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October 16, 2019, 12:24 pm UTC    
August 17, 2019 10:13AM
Allan Shumaker Wrote:
-------------------------------------------------------
> I agree with the conclusion that small carnivores
> are responsible for the ‘mutilations’ observed on
> the carcasses. I have seen numerous photos of the
> lips, sometimes the tongue, ears, eyes, udders,
> scrotums and anuses missing.

Yep, the null hyp. is 'natural causes' have to be unequivocally eliminated first.

> However the side of the carcass in contact with the ground usually seems to be untouched.

Good point not mentioned in any of the articles. They didn't mention anyone trying to turn over any of the carcasses with a large forklift which they could easily have done.

> All those links are woefully deficient of photos
> of the area surrounding the body.

Right IMO, not enough photos or info to determine much of anything other than believing in the competence of the observations of the ranch workers and law enforcement.


> Thus the
> probable cause of death is impossible to
> determine. Large livestock can be killed instantly
> by lightning. Sometimes multiple animals are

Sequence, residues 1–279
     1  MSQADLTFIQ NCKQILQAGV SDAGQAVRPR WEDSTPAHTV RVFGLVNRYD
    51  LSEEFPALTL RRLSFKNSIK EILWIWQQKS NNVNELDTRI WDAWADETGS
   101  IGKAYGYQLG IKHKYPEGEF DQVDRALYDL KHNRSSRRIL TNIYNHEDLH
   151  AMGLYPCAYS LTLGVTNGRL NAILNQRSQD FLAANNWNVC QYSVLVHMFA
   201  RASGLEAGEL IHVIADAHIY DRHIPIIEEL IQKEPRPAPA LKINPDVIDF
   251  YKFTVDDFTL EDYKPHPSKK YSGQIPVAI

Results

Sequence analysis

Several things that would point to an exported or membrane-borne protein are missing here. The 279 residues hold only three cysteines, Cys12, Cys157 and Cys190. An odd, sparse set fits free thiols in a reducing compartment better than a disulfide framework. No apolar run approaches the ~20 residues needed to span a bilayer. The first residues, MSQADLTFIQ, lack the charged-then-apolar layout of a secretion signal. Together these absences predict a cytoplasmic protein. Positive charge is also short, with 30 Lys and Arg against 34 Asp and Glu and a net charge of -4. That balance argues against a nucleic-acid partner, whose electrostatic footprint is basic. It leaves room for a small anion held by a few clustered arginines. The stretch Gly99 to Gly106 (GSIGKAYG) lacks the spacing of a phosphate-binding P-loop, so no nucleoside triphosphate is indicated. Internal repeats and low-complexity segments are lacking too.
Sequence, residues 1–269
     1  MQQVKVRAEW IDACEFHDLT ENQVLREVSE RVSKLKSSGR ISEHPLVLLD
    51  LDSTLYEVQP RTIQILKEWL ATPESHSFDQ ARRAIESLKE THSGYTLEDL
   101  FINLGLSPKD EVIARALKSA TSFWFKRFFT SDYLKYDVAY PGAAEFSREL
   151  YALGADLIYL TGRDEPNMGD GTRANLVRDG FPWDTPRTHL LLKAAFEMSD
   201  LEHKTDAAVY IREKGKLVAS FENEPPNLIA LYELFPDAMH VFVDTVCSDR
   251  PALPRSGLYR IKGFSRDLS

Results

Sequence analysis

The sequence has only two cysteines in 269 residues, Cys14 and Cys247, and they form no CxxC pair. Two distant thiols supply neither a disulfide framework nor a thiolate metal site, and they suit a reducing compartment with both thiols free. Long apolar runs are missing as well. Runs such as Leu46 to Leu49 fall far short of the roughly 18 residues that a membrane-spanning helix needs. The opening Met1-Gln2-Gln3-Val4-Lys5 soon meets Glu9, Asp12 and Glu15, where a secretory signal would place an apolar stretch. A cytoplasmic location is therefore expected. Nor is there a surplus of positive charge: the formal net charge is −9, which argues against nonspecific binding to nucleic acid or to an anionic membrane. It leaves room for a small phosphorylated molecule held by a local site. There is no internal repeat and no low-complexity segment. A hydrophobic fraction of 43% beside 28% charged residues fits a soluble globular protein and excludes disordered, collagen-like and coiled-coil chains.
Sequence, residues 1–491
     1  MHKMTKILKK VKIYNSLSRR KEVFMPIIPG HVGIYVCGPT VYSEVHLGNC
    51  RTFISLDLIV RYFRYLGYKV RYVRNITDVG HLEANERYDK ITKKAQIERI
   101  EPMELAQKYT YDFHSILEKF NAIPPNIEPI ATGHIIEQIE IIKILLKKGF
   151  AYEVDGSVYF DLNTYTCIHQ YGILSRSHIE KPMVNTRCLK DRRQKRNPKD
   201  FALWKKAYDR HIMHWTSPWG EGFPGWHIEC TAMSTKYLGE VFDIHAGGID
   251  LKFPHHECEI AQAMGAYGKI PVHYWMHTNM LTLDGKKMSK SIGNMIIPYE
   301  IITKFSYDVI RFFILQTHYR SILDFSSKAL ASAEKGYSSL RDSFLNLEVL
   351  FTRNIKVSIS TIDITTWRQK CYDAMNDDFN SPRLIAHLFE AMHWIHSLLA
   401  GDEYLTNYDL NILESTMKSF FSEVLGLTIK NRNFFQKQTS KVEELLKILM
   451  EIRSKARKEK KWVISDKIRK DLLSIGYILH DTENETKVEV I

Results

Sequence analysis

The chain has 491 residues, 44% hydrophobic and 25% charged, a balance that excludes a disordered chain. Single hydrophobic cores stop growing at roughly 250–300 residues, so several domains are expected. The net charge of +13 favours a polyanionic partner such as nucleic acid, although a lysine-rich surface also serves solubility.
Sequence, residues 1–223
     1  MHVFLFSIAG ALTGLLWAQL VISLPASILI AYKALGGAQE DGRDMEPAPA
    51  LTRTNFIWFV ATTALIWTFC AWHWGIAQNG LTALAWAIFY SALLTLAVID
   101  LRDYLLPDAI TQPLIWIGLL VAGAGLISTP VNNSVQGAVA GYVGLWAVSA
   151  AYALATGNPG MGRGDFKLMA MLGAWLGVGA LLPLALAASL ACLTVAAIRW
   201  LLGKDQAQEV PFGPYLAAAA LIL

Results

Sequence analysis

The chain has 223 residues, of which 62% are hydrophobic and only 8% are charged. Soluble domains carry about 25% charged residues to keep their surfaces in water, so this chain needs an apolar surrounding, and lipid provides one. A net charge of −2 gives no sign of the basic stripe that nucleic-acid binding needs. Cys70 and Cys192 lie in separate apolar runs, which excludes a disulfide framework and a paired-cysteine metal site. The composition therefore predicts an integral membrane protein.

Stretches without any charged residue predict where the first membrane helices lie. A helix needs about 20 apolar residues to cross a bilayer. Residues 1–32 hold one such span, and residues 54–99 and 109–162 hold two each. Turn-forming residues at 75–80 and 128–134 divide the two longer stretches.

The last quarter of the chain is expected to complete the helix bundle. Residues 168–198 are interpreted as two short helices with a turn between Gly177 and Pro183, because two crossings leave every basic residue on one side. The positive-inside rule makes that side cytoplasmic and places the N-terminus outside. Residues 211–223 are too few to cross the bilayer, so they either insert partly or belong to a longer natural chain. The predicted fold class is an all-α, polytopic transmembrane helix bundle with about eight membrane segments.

> killed by the same strike.

Actually, a full 80% of all accidental outdoor deaths of livestock is caused by lightning according to this article:
[www.mnn.com]

So logically that was one of the first things checked by investigators: "no major" lightning storms in the area at that time. The equivocal catch here is what about 'minor' electrical storms? I was in Seneca, Oregon, on the 2nd, 15th, and 23rd of July of this year. Every July since 2005 I've typically made three trips to that area and I can attest to the fact minor (late afternoon) electrical storms are common for that area during the summer months. They can be very local in the amount of area covered.

Just by chance the only photo of a dead bull, the same photo used in all the articles AFAICS, shows a barbed wire fence in the background.
[blog.kencove.com]
That could by probabilities alone account for that one animal. However, the dead bulls (at least two of them) were separated by a mile. So yes, five bulls together by a fence or under a
tree could and do get zapped by a single lightning strike without touching other cows or calves. To do science here would require a plot/graph of exactly where and how close to fences they were and just where the cows were in relation to the bulls needs to be known...exactly in order to eliminate lightning as a possibility.






Subject Author Posted

Science vs aliens...again

Lee Olsen August 16, 2019 09:54AM

Re: Science vs aliens...again

Allan Shumaker August 16, 2019 05:50PM

Re: Science vs aliens...again

Lee Olsen August 17, 2019 10:13AM

Re: Science vs aliens...again

Allan Shumaker August 17, 2019 11:38AM

Re: Science vs aliens...again

Lee Olsen August 19, 2019 09:18AM

Re: Science vs aliens...again

Allan Shumaker August 24, 2019 07:37PM

Re: Science vs aliens...again

Lee Olsen August 26, 2019 09:13AM



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